The majority of patients with hemophilia have a known family history of the condition. However, about one-third of cases occur in the absence of a known family history. Most of these cases without a family history arise due to a spontaneous mutation in the affected gene. Other cases may be due to the affected gene being passed through a long line of female carriers.
If there is no known family history of hemophilia, a series of blood tests can identify which part or protein factor of the blood clotting mechanism is defective if an individual has abnormal bleeding episodes.
The platelet (a blood particle essential for the clotting process) count and bleeding time test should be measured as well as two indices of blood clotting, the prothrombin time (PT) and activated partial thromboplastin time (aPTT). A normal platelet count, normal PT, and a prolonged aPTT are characteristic of hemophilia A and hemophilia B. Specific tests for the blood clotting factors can then be performed to measure factor VII or factor IX levels and confirm the diagnosis.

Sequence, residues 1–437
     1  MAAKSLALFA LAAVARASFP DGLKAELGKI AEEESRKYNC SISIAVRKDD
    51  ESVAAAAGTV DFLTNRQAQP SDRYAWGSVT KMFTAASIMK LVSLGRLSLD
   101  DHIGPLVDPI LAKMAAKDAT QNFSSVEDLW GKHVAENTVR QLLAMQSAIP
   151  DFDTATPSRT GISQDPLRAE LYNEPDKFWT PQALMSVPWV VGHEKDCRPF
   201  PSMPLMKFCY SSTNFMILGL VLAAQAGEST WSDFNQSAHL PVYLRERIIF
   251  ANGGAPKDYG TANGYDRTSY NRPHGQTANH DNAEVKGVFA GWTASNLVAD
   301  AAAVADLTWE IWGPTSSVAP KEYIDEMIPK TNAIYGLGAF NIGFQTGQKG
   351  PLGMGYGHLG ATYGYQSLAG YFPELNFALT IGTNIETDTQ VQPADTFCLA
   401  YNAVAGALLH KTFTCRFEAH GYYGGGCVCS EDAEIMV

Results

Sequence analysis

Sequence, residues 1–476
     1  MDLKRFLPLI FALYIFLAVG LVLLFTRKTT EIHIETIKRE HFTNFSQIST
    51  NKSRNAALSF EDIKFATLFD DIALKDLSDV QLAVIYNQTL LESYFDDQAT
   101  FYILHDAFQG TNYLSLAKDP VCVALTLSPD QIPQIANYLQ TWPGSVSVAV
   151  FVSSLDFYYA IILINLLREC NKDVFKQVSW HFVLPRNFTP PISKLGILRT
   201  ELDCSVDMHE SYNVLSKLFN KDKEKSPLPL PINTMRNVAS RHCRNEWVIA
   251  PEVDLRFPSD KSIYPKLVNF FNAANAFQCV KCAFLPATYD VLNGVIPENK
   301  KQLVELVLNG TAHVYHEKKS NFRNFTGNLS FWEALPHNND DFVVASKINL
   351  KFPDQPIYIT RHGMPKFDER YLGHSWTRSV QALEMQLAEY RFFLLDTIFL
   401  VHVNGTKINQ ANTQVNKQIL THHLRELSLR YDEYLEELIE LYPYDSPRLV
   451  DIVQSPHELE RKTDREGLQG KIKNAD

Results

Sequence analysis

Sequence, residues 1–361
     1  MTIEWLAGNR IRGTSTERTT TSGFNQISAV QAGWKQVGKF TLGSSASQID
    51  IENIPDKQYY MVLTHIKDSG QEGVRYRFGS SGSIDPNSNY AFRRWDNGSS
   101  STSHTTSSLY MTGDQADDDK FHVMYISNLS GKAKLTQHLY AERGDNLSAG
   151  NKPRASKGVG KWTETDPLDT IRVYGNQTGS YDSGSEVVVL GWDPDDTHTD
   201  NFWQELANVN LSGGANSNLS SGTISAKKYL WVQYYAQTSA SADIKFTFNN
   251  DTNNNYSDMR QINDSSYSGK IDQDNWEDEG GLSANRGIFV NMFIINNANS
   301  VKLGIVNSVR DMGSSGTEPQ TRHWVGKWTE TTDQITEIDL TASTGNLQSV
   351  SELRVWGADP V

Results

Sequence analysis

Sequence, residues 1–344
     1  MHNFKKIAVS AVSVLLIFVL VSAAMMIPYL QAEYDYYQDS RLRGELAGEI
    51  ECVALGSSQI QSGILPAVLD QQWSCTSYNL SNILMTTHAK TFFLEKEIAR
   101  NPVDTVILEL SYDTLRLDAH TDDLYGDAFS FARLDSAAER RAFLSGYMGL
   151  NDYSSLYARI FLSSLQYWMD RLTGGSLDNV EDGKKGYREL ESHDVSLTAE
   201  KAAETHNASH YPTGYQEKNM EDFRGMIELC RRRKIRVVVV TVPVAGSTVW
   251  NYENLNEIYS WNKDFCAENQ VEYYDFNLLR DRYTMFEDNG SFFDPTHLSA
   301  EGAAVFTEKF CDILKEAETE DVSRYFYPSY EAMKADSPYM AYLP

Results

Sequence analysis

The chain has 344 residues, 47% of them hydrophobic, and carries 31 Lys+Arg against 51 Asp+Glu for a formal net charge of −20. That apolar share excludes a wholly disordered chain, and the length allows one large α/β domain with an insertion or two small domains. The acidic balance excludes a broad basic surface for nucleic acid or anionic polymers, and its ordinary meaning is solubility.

Genetic testing to identify and characterize the specific mutations responsible for hemophilia is also available in specialized laboratories.